(Annual Maternal Mortality Review, Family Health Bureau, Colombo, Sri Lanka, unpublished data) (Figure 2). There is a significant disparity, however, in the MMR in the different districts of Sri Lanka (Figure 3) (Annual Maternal Mortality Review, Family Health Bureau, Colombo, Sri Lanka, unpublished data). The highest rates have usually been seen in areas that were affected by the 30-year armed conflict that ended in 2009 and the plantation areas. It is significant that some areas outside these areas such as Matara also feature in this category. In Sri Lanka, stillbirth registration is often incomplete and therefore accurate national perinatal mortality rates are not available. The neonatal mortality rate (NMR) and the infant mortality rate (IMR) have improved in parallel with the other MCH indicators8 Although the NMR and the IMR decreased to 10 and 15 per 1000 live births respectively in 2005 from highs of 80 and 140 per 1000 live births respectively in 1945,4 neonatal death as a percentage of the total under-1-year mortality has increased from 55% in 1945 to 75% in 2007.9 This is due to the reduction of deaths by immunisation and those due to other infective causes such as diarrhoea; the main contributors to death in this age group are related to prematurity and perinatal events.
Specific Millennium Development Goal (MDG) 4 and 5 targets for Sri Lanka by 2015 The country-specific targets for Sri Lanka are shown in Table 1.
Continuum of care Antenatal care
Establishment of the Family Health Bureau
NaƟonal maternal death review
1941 – 129 9 hospitals 9
1950 – 260 hospitals
Figure 1. Maternal mortality ratio of Sri Lanka 1930–96.11 Source: Maternal Mortality Decline—The Sri Lankan Experience, Colombo: Family Health Bureau, Ministry of Health, Nutrition and Welfare, 2003. Figure published with the kind permission of the Director, Family Health Bureau.
Sri Lanka has a long history of antenatal care. The first antenatal clinic was conducted at the De Soysa Hospital for Women, Colombo, in 1921. Antenatal care coverage runs at 99% for the whole country. There may in fact be a duplication of care by public health midwives (PHM) and medical officers of health in the primary healthcare centres and by consultant obstetricians and gynaecologists in tertiary care centres. Approximately 51% of pregnant women have had 9–15 antenatal visits (Table 2).10 A detailed history is recorded on the ‘mother’s card’ which is used nationally and measurement of blood pressure and examination of urine for albuminuria forms part of antenatal care delivery. Public health midwives sometimes provide antenatal care on domiciliary visits (Figure 4). The improvement of antenatal care coverage is reflected in the reduction of deaths due to preeclampsia: from 17 deaths in 2005 the number of deaths fell to seven in 2008 (Annual Maternal Mortality Review, Family Health Bureau,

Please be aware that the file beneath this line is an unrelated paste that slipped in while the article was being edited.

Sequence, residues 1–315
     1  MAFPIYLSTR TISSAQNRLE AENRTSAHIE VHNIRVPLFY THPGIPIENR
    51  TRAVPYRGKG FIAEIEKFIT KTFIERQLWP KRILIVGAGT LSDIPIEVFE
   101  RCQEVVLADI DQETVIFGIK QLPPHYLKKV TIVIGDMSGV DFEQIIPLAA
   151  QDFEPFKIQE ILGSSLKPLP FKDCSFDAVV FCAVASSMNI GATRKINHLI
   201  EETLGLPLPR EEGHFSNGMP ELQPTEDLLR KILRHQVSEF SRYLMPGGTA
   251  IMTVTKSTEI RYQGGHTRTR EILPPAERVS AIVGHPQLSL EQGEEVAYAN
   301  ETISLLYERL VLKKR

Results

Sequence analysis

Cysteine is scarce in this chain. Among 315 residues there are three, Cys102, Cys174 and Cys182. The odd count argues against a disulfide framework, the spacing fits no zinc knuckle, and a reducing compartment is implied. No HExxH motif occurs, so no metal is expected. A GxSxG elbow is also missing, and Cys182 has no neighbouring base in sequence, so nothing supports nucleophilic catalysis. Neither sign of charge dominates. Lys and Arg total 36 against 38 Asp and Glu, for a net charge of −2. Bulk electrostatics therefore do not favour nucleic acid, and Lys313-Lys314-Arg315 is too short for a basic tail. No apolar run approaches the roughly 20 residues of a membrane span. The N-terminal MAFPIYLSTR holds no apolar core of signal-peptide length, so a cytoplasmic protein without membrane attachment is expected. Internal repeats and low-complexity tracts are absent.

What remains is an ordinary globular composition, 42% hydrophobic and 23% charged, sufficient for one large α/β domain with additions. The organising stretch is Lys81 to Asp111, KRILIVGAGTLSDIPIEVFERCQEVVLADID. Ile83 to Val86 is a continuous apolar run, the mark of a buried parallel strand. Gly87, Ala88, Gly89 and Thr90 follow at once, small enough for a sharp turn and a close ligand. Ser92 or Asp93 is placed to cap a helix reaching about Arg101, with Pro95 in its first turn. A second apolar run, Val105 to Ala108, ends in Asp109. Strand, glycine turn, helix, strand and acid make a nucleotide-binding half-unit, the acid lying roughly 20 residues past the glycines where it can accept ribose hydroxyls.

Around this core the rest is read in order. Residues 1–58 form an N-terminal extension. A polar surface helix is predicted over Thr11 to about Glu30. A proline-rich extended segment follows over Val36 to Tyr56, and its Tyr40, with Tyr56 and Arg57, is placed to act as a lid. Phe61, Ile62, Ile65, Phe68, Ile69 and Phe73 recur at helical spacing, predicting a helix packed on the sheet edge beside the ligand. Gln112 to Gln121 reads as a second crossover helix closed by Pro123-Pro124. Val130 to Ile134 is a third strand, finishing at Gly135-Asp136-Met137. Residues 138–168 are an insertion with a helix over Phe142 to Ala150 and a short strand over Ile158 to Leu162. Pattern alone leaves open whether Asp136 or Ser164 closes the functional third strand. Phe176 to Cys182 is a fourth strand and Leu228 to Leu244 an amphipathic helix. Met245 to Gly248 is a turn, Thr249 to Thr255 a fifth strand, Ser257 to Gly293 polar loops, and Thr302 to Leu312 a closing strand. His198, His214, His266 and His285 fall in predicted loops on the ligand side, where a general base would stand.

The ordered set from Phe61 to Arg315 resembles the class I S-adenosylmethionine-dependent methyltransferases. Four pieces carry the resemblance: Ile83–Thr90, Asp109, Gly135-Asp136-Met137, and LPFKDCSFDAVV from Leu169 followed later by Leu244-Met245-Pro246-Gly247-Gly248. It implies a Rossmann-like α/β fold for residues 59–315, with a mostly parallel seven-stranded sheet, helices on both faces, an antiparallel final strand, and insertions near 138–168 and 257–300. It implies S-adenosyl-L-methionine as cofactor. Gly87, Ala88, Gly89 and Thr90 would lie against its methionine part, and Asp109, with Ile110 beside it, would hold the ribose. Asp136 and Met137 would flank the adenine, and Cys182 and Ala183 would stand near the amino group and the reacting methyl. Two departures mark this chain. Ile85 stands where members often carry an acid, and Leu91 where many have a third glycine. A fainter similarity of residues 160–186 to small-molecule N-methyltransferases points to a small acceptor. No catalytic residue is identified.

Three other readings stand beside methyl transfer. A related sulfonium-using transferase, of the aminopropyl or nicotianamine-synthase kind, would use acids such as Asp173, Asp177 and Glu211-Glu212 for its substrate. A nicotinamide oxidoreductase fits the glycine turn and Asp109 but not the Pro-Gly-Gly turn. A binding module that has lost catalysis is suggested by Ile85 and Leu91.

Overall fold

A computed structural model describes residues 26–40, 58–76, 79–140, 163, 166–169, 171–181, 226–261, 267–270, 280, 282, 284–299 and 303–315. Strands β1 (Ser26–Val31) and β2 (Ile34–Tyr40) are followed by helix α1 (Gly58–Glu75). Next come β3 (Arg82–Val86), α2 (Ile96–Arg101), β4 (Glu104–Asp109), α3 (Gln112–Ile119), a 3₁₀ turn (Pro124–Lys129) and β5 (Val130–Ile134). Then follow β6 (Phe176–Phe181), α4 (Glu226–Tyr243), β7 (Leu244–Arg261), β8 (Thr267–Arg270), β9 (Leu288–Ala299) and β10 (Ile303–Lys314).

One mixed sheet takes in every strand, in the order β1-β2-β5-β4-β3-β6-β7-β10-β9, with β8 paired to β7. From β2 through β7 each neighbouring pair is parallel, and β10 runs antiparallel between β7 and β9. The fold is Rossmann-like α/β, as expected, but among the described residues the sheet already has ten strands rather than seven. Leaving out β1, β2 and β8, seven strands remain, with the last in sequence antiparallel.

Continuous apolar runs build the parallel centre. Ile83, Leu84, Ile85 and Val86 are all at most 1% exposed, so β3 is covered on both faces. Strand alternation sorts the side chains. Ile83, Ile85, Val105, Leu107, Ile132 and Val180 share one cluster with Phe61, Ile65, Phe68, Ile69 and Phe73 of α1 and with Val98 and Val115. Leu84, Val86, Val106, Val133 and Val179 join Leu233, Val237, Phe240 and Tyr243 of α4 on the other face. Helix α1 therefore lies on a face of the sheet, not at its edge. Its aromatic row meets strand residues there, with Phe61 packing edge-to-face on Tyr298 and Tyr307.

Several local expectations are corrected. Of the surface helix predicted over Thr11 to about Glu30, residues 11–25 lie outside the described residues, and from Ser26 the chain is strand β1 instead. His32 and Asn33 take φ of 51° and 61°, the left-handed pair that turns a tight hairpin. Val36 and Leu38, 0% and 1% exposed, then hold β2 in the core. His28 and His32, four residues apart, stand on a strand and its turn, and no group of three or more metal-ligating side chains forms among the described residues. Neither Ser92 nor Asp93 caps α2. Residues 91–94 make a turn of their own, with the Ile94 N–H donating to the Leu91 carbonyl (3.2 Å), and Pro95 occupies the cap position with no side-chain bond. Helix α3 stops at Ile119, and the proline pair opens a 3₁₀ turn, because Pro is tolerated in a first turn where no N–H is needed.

ª 2011 The Authors BJOG An International Journal of Obstetrics and Gynaecology ª 2011 RCOG
Senanayake et al.
30 20 10 0
Year Figure 2. Maternal mortality ratio of Sri Lanka 1995–2008. (Annual Maternal Mortality Review, Family Health Bureau, Colombo, Sri Lanka, unpublished data.)
Mannar Matara Rathnapura NuwaraEliya Kegalle Pu lam Galle Badulla Kandy Hambantota Sri Lanka Vavuniya Ampara Ba caloa Jaﬀna Colombo Gampaha Kilinochchi Trincomalee Kalmunai Monaragala Anuradhapura Kurunegala Kalutara Matale Mulla vu Colombo MC Polonnaruwa
69.91 67.9 67.21 66.34 57.16 45.4 42.35 35.76 34.41 33.54 33.4 33 32.7 31.6 31 30.97 25.51 24.9 24.19 24.15 23.5 22.61 21.81 21.4 20.47 19.72 19.05 14.4
Figure 3. Maternal mortality ratio (per 100 000 live births) in Sri Lanka by district, 2008. (Annual Maternal Mortality Review, Family Health Bureau, Colombo, Sri Lanka, unpublished data.) Maternal mortality ratio is per 100 000 live births.
Colombo, Sri Lanka, unpublished data). In 2007, 89% of mothers were booked by a midwife before the completion of the 12th week of gestation.8
Intrapartum care One of the most important interventions that made an impact on maternity care was an increase in the cadre of midwives from approximately 5000 in 19891 to more than 8995 in 2007.9 This has led to the percentage of mothers receiving skilled birth attendance (SBA) at delivery increasing significantly from 40% in 1948 to 99.5% in 2007.7,8 This appears to have had a direct impact on MMR (Figure 5). During the last six decades, Sri Lanka has followed a policy of discouraging home births. Home deliveries have declined from 25% in 1958 to